Reading & Literacy

It’s a Great Day: ‘The Giver’ Trailer Released

By Ross Brenneman — March 19, 2014 1 min read
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Students and educators might be especially excited about a movie trailer that dropped today: “The Giver.”

First published by Lois Lowry in 1993, The Giver has become an icon in children’s literature. A winner of the presitigous Newbery Medal, it has been on any number of essential reading lists.

The story, if you don’t know (for which you should feel shame), follows Jonas, a 12-year-old chosen to become his “utopian” community’s Receiver of Memories. In order to receive, of course, there must be someone to give, and the “Giver” shows Jonas what the world used to be like before it turned into the strange, uniform collective known as the “Community.”

The Giver plays on themes of autocracy and freedom, and may be many children’s introduction to the concept of tyranny. It’s meant for 4th graders but appeals to older students as well. (For anyone interested, teacher Sarah Goodis-Orenstein laid out suggestions for teaching The Giver in a CTQ Collaboratory piece on our site in January.)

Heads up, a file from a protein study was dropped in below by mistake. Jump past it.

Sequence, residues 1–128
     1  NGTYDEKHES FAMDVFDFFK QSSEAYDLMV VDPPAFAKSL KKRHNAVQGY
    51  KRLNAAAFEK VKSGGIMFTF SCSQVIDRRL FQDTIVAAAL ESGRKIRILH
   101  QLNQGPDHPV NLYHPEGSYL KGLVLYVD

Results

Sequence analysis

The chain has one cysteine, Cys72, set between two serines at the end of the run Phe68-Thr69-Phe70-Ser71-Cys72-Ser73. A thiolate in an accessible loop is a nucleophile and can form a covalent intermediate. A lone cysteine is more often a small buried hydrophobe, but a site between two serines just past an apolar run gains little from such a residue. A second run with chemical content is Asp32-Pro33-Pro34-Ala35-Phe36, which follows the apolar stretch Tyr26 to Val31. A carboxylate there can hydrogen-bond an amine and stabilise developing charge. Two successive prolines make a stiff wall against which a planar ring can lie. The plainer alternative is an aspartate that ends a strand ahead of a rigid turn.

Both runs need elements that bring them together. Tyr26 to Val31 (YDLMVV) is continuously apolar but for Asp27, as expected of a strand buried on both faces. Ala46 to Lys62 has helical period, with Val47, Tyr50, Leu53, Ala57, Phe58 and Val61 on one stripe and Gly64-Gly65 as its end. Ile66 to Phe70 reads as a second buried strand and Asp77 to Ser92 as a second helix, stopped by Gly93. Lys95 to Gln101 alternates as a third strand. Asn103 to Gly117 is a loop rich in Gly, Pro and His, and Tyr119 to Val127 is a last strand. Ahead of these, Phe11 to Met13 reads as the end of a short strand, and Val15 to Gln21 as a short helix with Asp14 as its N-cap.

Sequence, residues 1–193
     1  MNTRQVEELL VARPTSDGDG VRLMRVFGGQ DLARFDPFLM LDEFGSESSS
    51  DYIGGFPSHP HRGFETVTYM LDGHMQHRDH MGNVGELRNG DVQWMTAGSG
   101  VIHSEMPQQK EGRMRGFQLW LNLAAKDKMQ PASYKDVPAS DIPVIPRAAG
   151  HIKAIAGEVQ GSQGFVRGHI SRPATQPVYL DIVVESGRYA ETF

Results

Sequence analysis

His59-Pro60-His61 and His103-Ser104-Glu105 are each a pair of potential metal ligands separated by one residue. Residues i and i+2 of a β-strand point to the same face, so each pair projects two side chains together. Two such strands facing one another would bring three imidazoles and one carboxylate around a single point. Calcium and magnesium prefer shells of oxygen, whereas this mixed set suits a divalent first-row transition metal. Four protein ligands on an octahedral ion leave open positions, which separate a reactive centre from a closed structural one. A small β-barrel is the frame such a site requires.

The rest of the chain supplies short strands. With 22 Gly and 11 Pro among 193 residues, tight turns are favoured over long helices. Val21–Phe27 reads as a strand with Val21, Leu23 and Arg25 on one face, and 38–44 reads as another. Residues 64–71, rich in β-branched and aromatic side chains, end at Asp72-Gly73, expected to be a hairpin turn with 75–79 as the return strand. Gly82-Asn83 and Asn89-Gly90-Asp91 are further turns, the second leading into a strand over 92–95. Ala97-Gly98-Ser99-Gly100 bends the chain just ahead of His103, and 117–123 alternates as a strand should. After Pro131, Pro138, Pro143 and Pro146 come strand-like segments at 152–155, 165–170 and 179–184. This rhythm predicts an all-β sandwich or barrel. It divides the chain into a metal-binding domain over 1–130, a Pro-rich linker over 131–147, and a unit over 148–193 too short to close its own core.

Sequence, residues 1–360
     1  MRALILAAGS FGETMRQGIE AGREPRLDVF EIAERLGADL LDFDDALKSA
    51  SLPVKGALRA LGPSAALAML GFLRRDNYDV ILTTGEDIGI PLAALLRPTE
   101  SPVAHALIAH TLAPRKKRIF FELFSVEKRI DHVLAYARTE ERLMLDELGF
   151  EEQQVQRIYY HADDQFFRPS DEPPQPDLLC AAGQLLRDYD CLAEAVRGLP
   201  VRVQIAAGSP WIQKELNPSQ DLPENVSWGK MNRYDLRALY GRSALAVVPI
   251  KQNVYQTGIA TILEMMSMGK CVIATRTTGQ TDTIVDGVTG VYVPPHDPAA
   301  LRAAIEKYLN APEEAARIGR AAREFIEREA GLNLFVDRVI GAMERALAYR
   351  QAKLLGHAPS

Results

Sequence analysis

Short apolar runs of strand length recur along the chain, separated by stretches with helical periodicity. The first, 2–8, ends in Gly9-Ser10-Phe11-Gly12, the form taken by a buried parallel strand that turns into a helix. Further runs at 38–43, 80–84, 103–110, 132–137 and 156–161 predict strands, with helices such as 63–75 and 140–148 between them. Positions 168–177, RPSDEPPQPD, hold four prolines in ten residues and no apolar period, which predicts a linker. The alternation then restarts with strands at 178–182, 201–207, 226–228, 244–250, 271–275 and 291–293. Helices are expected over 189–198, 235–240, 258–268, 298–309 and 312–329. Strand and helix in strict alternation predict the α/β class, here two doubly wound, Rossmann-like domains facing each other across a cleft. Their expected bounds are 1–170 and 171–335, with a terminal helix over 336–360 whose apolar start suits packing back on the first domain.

The movie’s being presented in color, in strange contrast to the black-and-white world of the book, but hey—Jeff Bridges and Meryl Streep. That’s something!

The film is being produced by the Weinstein Company and Walden Media. The latter is the studio that is partly behind both “Waiting for ‘Superman’” and “Won’t Back Down,” movies that each drew ire for their support of charter schools. Looking at “The Giver” through the lens of traditional public school vs. charter school might be a little too cynical, although there is that line where the villainous Meryl Streep says, “When people have the freedom to choose, they choose wrong.”

Although, who knows, maybe the movie could also be used as a metaphor against the uniformity of the Common Core State Standards. Like much of pop culture, people may see what they want to see.

“The Giver” will be released in theaters on August 15.

A version of this news article first appeared in the Teaching Now blog.